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Figure 1 displays a diagram depicting a typical attack flow for XorDdos malware. The attacker communicates with a bot to SSH brute force a target device and download XorDdos. The malware then performs several techniques for evasion and persistence before connecting with the attacker's C2 server to send data and receive commands.

Rise in XorDdos: A deeper look at the stealthy DDoS malware targeting Linux devices

In the last six months, we observed a 254% increase in activity from a Linux trojan called XorDdos. First discovered in 2014 by the research group MalwareMustDie, XorDdos was named after its denial-of-service-related activities on Linux endpoints and servers as ... continue reading
Bar chart illustrating the distribution of cryware family detections from January to December 2021.

In hot pursuit of ‘cryware’: Defending hot wallets from attacks

The steep rise in cryptocurrency market capitalization, not surprisingly, mirrors a marked increase in threats and attacks that target or leverage cryptocurrencies. But Microsoft researchers are observing an even more interesting trend: the evolution of related malware and their techniques, ... continue reading
Strengthen your security posture with new Azure AD partner integrations

Strengthen your security posture with new Azure AD partner integrations

I’m excited to announce several new Azure Active Directory (Azure AD) product integrations are now available. By leveraging the power of Azure AD, these solutions can help streamline your identity access, governance, and authentication for stronger Zero Trust security across ... continue reading
Diagram showing the relationship between players in the ransomware-as-a-service affiliate model. Access brokers compromise networks and persist on systems. The RaaS operator develops and maintain tools. The RaaS affiliate performs the attack.

Ransomware-as-a-service: Understanding the cybercrime gig economy and how to protect yourself

Microsoft processes 24 trillion signals every 24 hours, and we have blocked billions of attacks in the last year alone. Microsoft Security tracks more than 35 unique ransomware families and 250 unique threat actors across observed nation-state, ransomware, and criminal ... continue reading
A simplified outline of a person's head alongside the words "One in three security jobs in the U S is vacant."

Building a safer world together with our partners—introducing Microsoft Security Experts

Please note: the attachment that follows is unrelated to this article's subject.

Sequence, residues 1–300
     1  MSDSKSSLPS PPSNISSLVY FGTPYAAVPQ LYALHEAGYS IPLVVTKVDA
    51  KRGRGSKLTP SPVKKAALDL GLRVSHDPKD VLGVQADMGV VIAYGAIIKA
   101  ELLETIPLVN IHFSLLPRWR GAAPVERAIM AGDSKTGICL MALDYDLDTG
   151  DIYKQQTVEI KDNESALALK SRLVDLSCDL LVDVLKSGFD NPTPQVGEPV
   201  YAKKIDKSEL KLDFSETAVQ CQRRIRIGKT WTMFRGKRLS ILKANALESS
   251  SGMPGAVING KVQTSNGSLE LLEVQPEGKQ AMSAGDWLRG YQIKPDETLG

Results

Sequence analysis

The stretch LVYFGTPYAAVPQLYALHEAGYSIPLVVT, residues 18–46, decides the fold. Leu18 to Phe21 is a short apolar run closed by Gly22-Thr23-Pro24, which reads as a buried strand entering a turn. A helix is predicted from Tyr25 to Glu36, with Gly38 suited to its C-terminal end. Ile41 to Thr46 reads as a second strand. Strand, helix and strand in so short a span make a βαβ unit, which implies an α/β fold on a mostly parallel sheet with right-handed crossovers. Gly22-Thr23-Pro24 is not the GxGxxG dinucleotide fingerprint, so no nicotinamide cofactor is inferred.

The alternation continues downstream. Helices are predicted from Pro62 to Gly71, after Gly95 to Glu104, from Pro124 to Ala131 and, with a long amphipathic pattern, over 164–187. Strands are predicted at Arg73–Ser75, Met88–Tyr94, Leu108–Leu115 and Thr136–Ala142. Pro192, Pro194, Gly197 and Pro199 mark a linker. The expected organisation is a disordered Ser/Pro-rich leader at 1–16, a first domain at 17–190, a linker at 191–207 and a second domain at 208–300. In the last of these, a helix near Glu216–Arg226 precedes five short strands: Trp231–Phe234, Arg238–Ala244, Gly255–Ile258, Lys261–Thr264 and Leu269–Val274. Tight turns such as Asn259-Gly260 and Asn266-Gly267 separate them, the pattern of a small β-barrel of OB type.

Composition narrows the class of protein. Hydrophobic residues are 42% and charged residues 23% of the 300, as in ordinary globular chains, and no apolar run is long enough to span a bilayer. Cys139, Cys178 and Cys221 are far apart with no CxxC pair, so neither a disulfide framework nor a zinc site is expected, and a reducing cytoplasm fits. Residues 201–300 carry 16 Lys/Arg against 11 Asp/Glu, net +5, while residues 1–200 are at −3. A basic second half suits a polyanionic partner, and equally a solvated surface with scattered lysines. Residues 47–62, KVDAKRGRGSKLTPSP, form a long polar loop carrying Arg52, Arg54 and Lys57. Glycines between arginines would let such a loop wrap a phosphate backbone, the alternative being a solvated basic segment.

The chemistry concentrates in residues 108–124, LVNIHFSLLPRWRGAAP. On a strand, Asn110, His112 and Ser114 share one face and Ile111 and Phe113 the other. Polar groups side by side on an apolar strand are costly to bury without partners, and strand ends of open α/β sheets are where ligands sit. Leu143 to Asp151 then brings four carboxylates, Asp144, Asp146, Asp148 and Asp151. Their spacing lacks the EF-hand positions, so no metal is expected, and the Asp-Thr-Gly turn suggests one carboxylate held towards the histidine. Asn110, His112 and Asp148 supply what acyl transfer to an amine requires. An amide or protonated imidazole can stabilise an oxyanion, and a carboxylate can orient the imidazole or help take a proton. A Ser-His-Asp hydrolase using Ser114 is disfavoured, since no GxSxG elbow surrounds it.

More threats—not enough defenders The security landscape has become increasingly challenging and complex for our customers. Threats have grown at an alarming rate over the last year, and cybercrime is now expected to cost the world USD10.5 trillion annually by ... continue reading
The path of alerts through D3 XGEN SOAR, from the alert source to the incident response phase. D3's Event Pipeline covers the normalization, triage, and dismissal and escalation phases.

Automating your Microsoft security suite with D3 XGEN SOAR  

This blog post is part of the Microsoft Intelligent Security Association guest blog series. Learn more about MISA. There are certain pain points in the average security operations center (SOC) that, no matter what else changes in the security landscape, ... continue reading

Discover the anatomy of an external cyberattack surface with new RiskIQ report

The internet is now part of the network. That might sound like hyperbole, but the massive shift to hybrid and remote work and a multicloud environment means security teams must now defend their entire online ecosystem. Recent ransomware attacks against ... continue reading
An open road with text overlay stating “Honor the past, be honest about the present, and hope for the future.”

A clearer lens on Zero Trust security strategy: Part 1

Today’s world is flooded with definitions and perspectives on Zero Trust, so we are kicking off a blog series to bring clarity to what Zero Trust is and what it means. This first blog will draw on the past, present, ... continue reading
World map with circles of varying sizes located in several countries regions to indicate the threat's impact.

Dismantling ZLoader: How malicious ads led to disabled security tools and ransomware

As announced today, Microsoft took action against the ZLoader trojan by working with telecommunications providers around the world to disrupt key ZLoader infrastructure. We used our research into this threat to enrich our protection technologies and ensure this infrastructure could ... continue reading
The Microsoft vulnerable driver blocklist feature enabled in the Core isolation page within the Windows Security app.

New security features for Windows 11 will help protect hybrid work

Attackers haven’t wasted any time capitalizing on the rapid move to hybrid work. Every day cybercriminals and nation-states alike have improved their targeting, speed, and accuracy as the world adapted to working outside the office. These changes have put “cybersecurity ... continue reading